The concept of Meatless Monday symbolized the chasm between politics and reality this week. Observing Meatless Monday was mentioned in a newsletter article from the Department of Agriculture about ways a person can reduce their environmental impact. The cattle industry was outraged, Republican lawmakers swore to eat more meat on Mondays and the USDA retracted its support of Meatless Monday.
Meat health risks
The health risks associated with meat are well documented. In addition to cardiovascular disease, cancer and obesity, industrial meat production is damaging the planet in numerous ways, from destroying land to pumping greenhouse gasses into the atmosphere.
Reducing meat consumption
When it comes to meat, the Department of Agriculture is caught between a cow pie and a hard place. The agency represents the meat industry while at the same time its charged with promoting guidelines for a healthier American diet. The USDA’s most recent dietary guidelines were issued in 2011. In a chapter titled “Foods and Food Components to Reduce,” beef is mentioned 14 times and meat nine times.
Meatless Monday is a non-profit initiative of The Monday Campaigns, in association with the Johns Hopkins’ Bloomberg School of Public Health. The initiative provides information and recipes for making Monday healthy, environmentally friendly and meat-free. Meatless Monday’s goal is to help people improve both their health and the health of the planet by reducing meat consumption by 15 percent.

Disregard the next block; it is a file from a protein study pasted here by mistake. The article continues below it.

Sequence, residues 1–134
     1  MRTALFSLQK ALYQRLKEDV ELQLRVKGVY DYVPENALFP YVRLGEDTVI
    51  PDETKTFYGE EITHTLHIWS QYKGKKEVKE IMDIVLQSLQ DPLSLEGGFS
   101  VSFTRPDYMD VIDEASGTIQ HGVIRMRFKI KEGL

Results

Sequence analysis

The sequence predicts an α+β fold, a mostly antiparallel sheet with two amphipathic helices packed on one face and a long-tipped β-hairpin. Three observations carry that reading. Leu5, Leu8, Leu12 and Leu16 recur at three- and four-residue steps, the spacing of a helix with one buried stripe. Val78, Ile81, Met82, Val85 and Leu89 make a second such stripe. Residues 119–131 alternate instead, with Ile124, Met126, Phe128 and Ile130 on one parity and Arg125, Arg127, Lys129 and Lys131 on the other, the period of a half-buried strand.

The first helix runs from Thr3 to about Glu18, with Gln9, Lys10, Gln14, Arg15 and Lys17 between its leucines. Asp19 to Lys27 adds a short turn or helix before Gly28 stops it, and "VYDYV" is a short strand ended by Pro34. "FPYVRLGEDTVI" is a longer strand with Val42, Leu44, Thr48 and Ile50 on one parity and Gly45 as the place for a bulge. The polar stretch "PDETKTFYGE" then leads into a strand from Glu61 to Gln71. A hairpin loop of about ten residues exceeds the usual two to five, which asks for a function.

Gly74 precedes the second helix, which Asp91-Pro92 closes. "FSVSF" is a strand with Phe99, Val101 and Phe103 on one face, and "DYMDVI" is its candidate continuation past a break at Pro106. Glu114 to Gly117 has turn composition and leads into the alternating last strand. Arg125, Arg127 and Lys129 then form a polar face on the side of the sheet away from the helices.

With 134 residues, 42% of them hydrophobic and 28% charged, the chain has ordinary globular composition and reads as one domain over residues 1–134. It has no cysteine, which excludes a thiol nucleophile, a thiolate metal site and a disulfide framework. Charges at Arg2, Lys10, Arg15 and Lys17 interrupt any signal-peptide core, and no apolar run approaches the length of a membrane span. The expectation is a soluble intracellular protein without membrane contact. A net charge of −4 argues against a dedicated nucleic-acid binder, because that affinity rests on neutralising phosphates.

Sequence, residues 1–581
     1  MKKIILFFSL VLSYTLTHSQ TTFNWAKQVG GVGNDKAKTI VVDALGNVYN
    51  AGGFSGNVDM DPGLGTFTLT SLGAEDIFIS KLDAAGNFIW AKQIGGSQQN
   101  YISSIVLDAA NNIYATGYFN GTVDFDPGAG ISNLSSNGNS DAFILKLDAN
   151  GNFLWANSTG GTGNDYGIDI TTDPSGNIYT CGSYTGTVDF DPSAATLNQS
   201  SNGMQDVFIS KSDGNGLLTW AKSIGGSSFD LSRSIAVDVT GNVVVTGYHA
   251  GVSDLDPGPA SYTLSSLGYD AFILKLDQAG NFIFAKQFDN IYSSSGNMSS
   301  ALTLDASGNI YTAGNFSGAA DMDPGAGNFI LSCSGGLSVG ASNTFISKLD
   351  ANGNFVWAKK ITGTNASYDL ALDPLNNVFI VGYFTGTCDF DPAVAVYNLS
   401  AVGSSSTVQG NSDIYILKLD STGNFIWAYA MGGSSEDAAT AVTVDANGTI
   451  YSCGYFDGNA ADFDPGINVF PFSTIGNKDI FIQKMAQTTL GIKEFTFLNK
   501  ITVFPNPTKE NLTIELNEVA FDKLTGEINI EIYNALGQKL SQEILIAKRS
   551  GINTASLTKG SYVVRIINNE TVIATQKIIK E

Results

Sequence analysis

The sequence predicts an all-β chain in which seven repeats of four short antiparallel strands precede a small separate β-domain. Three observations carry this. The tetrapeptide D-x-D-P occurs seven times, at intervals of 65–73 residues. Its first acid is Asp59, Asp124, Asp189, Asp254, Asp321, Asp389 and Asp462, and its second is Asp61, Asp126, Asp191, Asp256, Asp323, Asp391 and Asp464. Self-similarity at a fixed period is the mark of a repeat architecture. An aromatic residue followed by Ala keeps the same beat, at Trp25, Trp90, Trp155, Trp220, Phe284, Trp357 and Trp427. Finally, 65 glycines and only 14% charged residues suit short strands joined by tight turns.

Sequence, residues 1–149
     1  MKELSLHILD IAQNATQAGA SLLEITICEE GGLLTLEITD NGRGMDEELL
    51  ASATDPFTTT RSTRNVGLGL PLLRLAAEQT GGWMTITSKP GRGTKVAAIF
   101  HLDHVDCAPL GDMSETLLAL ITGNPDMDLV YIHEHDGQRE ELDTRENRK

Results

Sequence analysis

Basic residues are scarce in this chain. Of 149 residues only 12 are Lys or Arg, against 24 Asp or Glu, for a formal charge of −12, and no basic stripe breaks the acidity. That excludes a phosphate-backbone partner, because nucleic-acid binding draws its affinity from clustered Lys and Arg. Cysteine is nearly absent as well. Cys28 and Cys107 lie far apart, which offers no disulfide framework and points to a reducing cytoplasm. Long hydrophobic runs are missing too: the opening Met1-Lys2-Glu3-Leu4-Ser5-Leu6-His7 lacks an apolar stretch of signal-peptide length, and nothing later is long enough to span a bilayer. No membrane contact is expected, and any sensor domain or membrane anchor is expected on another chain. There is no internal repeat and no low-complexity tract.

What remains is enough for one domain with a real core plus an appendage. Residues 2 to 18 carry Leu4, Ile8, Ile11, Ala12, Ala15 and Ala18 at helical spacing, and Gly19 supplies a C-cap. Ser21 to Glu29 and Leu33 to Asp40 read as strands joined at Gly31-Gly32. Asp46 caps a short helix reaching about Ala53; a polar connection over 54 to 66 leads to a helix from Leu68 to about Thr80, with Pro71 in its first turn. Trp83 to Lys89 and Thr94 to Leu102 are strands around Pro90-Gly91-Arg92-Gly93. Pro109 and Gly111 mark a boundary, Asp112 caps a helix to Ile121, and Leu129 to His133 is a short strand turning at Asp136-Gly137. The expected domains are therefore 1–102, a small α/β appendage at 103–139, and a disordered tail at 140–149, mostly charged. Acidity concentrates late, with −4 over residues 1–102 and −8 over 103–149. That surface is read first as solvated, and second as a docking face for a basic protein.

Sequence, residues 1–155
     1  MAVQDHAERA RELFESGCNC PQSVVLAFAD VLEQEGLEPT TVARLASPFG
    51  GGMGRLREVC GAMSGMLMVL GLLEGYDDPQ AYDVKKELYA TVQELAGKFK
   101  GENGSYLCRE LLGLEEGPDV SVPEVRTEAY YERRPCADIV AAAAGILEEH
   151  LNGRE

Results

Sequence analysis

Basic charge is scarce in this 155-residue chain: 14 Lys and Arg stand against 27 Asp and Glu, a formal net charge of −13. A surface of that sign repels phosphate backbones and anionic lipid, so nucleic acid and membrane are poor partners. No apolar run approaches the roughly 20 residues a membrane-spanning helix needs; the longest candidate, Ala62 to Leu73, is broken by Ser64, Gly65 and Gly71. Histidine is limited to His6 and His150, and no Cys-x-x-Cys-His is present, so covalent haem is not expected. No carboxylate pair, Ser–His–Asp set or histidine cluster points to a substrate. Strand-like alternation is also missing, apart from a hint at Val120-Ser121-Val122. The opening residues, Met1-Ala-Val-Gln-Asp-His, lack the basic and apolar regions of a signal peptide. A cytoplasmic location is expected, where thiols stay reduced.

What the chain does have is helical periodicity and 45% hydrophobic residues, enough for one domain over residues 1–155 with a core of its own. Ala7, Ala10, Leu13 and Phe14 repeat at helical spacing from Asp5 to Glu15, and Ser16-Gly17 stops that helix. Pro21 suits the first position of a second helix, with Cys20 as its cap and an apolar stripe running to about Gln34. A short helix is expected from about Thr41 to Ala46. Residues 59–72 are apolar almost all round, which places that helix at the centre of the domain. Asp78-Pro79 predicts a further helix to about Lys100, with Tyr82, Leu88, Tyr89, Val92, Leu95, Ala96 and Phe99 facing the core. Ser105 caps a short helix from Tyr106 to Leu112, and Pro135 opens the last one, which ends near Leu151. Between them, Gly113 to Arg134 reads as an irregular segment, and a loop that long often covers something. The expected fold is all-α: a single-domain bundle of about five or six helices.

Reducing environmental impact
The endorsement for Meatless Monday surfaced in “Greening Headquarters Update, a USDA employee newsletter. The update called Meatless Monday a “simple way to reduce your environmental impact.” It went on to mention how meat production wastes water, fertilizer, fossil fuels and other resources while contributing to global climate change. It also asked, “Did you notice that our cafeterias have tasty meatless options?”
Let the outrage begin
Politicians and the cattle industry immediately saw an opportunity to manufacture outrage. In a statement, the National Cattlemen’s Association called the newsletter “a slap in the face of the people who every day are working to make sure we have food on the table to say ‘Don’t eat their product once a week.’ ”
Rep. Steve King, Republican of Iowa, tweeted: “USDA HQ meatless Mondays!! At the Dept. of Agriculture? Heresy! I’m not grazing there. I will have the double rib-eye Mondays instead.”
Sen. Charles Grassley, another Iowa Republican, tweeted that he would “eat more meat on Monday to compensate for stupid USDA recommendation.”
In an indignant speech on the Senate floor, Sen. Jerry Moran, Republican of Kansas, said, “Never in my life would I have expected USDA to be opposed to farmers and ranchers.”
USDA caves in
The Greening Headquarters Update was published online Monday, July 23. By Tuesday afternoon, the newsletter disappeared from the web. In a statement, the agency said, “U.S.D.A. does not endorse Meatless Monday.”
PETA seeks headlines
What would a political circus be without an organization like People for the Ethical Treatment of Animals jumping into the ring? Later in the week on its website, PETA accused Grassley of fighting for Americans’ right to be “sick and fat.” The organization also started taking “bets” on its website over when Sen. Grassley will die from eating meat.
One day a week
A cooler head, Peggy Nue, President of The Monday Campaigns, told the New York Times she was pleased when the USDA endorsed Meatless Mondays this week, and surprised at how fast the agency reversed its position.
“It shouldn’t be considered a threatening idea,” she said. “We’re not saying give up meat entirely — just one day a week.”
It would certainly leave more meat available on Monday for people of Grassley’s ilk.